Glenn Reynolds, Instapundit and University of Tennessee Law Prof, links to an article by Heather MacDonald that says that law school clinics are stuck in the 60s. Ms MacDonald says that law students are spending their clinic time pursuing "liberal" ideology rather than representing poor businesses. The Instapundit defends the UT Legal Clinic, saying that they do represent businesses that the pros won't (here's a link to their business work) .
It's now been ten years since I was a client of the UT Legal Clinic, but I'd like to defend them, too. I didn't have a small and struggling business. But I was a struggling graduate student, facing potentially enormous legal bills and a huge court judgment, where my best possible scenario - my winning position - was to shell out money for my defense.
When I was a Fort Sanders resident, a friend of my roommate and mine (B) fell down the rather decrepit outside stairs to our apartment and broke her jaw. In several places. Badly. She shattered all of her back teeth. None of us saw it. We only left the apartment to find her motionless on the ground, her face in a pool of blood. We thought she had broken her neck.
We lived on Highland at the time right next to the fire house. We were friendly with the firemen, so instead of calling an ambulance, we ran over to them, knowing they were first responders. They were fantastic (three cheers for the Knoxville Fire Department). They radioed an ambulance, which to this day I think resulted in faster service. The firemen put her on a back board and provided first aid and the ambulance seemed to get there really quickly, even during a crisis when times seems to expand.
My roommate rode to the hospital in the ambulance while I followed. I dug through B's purse to find her insurance card and fill in as many forms as I could. I called her parents. It was about 11pm, and they hung up on me, saying B was always a bit clumsy. I called them again. When they got to the hospital the first thing they asked was did our landlord have insurance. I swear I could see the dollar signs in their eyes.
B and her parents sued our landlord. In a quirk of Tennessee tort law, defendants can enjoin others who they claim share liability. Our landlord enjoined us. B and her lawyer could choose to add us to the suit or not. They chose to add us and so we were sued for half a million dollars.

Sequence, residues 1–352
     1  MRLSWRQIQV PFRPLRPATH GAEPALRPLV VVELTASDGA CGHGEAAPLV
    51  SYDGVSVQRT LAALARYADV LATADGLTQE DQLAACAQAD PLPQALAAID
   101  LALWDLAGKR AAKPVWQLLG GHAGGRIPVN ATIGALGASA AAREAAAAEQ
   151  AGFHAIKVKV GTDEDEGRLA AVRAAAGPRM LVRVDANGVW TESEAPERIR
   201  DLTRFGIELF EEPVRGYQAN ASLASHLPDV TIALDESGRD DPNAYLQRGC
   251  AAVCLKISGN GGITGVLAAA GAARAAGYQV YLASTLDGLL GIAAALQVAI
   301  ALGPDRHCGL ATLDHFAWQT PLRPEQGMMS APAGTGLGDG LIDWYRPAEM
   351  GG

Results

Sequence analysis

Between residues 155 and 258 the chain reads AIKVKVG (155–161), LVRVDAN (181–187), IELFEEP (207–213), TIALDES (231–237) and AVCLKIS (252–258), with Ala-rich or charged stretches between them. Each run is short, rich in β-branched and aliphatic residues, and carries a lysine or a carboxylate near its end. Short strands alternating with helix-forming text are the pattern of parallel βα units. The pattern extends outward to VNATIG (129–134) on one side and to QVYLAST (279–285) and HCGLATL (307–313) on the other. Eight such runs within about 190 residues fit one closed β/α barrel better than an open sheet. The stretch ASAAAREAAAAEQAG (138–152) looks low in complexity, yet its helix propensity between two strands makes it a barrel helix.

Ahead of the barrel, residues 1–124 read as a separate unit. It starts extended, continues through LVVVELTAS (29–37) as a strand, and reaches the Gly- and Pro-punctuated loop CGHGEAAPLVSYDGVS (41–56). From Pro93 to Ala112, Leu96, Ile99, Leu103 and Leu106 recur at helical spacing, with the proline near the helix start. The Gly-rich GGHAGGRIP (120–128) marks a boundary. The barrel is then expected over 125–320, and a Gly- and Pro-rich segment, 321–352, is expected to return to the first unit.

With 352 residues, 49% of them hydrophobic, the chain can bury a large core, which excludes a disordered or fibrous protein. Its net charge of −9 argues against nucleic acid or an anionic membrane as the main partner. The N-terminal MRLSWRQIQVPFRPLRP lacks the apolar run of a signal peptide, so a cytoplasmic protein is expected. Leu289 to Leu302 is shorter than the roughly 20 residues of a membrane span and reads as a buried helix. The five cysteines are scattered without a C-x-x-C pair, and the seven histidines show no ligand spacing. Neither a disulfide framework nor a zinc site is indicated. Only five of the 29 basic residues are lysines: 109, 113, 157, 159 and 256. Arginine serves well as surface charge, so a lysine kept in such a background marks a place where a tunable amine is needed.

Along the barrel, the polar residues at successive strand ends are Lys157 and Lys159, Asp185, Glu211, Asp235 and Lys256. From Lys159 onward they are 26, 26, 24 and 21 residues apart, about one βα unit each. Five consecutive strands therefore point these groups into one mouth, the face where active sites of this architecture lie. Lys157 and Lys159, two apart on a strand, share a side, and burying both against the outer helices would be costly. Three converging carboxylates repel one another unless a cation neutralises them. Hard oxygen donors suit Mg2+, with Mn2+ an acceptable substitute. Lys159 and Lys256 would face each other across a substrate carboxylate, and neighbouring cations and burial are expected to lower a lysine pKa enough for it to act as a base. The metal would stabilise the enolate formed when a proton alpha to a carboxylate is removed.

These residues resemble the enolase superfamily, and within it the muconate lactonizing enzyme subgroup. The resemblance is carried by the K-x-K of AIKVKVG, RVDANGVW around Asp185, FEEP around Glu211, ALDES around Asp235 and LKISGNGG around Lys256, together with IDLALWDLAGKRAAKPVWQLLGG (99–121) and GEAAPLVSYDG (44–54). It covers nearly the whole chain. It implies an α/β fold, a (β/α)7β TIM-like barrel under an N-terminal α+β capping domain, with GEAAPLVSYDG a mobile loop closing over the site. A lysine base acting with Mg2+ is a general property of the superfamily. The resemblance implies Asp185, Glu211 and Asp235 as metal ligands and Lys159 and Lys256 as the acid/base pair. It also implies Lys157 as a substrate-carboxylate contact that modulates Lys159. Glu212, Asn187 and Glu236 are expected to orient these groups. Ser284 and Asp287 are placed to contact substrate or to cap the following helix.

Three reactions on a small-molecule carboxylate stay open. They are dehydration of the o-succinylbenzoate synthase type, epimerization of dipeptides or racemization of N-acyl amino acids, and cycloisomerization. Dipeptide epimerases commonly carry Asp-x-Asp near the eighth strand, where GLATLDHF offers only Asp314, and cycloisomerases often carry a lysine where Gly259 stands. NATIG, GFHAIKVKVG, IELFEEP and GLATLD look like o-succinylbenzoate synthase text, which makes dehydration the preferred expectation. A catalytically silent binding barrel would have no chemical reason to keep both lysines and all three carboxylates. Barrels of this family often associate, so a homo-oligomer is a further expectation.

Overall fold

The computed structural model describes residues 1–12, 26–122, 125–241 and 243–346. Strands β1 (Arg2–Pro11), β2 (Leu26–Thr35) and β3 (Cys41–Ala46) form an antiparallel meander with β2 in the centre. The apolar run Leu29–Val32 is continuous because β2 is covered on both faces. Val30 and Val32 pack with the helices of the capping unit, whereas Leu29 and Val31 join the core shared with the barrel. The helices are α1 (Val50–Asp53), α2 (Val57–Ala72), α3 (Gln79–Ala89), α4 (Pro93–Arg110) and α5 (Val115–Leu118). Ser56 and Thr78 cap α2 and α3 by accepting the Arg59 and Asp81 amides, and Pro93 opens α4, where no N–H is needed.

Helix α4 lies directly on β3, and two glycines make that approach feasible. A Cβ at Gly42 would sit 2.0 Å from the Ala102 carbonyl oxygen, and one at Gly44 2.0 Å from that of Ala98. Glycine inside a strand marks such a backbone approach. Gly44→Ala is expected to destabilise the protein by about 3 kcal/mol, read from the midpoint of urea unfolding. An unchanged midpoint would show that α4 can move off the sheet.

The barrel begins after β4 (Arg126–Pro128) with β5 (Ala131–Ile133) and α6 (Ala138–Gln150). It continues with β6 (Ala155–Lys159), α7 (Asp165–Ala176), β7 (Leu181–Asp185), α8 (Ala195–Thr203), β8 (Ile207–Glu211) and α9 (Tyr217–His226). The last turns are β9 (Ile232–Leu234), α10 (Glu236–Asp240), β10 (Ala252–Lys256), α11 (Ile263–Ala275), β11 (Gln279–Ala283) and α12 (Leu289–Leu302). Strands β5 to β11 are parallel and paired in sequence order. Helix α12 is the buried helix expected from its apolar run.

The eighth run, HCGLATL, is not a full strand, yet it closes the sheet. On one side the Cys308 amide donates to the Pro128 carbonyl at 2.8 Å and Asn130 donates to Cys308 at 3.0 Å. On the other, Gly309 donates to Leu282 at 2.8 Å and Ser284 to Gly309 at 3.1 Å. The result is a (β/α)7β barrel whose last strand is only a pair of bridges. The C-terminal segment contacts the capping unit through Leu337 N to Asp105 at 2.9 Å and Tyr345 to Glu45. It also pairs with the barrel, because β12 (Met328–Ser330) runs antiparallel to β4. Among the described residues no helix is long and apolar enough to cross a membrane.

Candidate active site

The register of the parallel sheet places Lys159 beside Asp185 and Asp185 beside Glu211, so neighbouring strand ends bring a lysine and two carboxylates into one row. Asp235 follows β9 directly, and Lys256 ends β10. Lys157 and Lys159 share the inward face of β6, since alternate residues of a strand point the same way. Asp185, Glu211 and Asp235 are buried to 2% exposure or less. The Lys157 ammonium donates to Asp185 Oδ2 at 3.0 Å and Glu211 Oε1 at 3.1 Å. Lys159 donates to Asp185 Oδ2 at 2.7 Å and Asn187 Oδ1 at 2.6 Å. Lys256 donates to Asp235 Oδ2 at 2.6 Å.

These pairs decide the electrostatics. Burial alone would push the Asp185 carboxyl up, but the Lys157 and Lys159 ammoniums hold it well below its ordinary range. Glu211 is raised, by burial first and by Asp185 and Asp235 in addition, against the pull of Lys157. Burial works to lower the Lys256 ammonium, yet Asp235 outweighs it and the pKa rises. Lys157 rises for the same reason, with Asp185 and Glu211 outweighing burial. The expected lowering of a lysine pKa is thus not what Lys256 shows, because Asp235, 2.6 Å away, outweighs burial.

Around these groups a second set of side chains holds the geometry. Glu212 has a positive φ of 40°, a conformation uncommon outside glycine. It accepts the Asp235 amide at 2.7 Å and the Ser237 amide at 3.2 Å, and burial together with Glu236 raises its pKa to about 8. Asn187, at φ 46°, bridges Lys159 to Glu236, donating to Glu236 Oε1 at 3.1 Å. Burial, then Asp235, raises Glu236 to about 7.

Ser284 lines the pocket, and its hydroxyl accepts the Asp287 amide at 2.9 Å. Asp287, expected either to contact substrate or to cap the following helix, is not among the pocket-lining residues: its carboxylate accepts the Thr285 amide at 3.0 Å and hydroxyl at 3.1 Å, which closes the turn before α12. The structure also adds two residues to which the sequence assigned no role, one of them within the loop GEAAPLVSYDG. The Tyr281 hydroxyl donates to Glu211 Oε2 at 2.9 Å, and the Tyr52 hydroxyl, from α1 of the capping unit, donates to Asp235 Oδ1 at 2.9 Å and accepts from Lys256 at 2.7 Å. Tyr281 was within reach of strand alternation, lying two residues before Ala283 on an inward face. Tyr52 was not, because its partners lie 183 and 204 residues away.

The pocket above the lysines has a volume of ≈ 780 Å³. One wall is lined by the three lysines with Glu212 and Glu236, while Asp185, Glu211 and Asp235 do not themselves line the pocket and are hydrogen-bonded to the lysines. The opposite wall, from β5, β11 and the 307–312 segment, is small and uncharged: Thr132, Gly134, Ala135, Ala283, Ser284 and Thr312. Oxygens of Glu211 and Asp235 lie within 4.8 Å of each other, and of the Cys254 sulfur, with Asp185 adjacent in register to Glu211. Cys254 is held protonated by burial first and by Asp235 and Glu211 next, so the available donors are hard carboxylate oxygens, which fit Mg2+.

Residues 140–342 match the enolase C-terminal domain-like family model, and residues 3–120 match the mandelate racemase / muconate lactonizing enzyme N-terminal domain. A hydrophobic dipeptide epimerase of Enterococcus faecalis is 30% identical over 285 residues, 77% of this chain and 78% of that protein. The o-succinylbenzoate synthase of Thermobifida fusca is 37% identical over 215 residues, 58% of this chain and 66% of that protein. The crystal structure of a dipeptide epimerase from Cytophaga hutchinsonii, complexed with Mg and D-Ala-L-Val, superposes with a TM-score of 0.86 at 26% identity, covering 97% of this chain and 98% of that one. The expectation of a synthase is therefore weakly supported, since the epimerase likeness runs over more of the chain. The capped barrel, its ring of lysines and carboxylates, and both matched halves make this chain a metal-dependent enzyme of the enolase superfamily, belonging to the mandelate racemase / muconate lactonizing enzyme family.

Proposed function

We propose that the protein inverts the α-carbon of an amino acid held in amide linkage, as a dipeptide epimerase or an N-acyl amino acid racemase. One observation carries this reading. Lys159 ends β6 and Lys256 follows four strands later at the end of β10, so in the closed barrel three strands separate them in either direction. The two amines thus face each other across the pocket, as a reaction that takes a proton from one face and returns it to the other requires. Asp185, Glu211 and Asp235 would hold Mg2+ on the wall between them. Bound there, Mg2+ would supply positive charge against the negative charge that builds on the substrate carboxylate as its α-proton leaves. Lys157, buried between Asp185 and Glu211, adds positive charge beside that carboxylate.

My roommate (and now co-defendant) and I were both graduate students at the time with no income beyond our stipends. We used the UT Legal Clinic for our defense. Yes, there were some difficulties, our case stretched on and our original "lawyers" graduated. Some of the student lawyers were a little arrogant and dismissed the idea that I might have any legal understanding or legal research skills (I know how to look up case and statute law!) and had a tendency to want to make decisions without us. But the oversight from the Law profs was good, our second set of student lawyers were keen, and they got us summarily dismissed from the suit (we were not legally liable for the condition of the stairs).
They advised us to refuse subpoena to testify after we were dismissed from the case, which we did. B and some others, were angry about this, and I'm sure it hurt her case. But, they had a choice about whether to sue us, and the legal clinic felt that we might open ourselves to a charge of perjury if any of our testimony was inconsistent with our depositions. (We had no intention of lying, but memories fade.)
The UT Legal Clinic provided our defense at no cost. We only had to pay for our depositions (which is not cheap, several hundred dollars each). And when I went to settle the bill for that, it turned out that an anonymous donor had covered it. (I don't know if that was B and her lawyer hoping we'd be in a better mood, or an alumni fund, or some previous client, but whoever it was, thank you.)
So to Heather Mac Donald who says that legal clinics are spending too much time pursuing stupid left wing suits, I say, thank goodness for the UT Legal Clinic. Y'all saved our skins.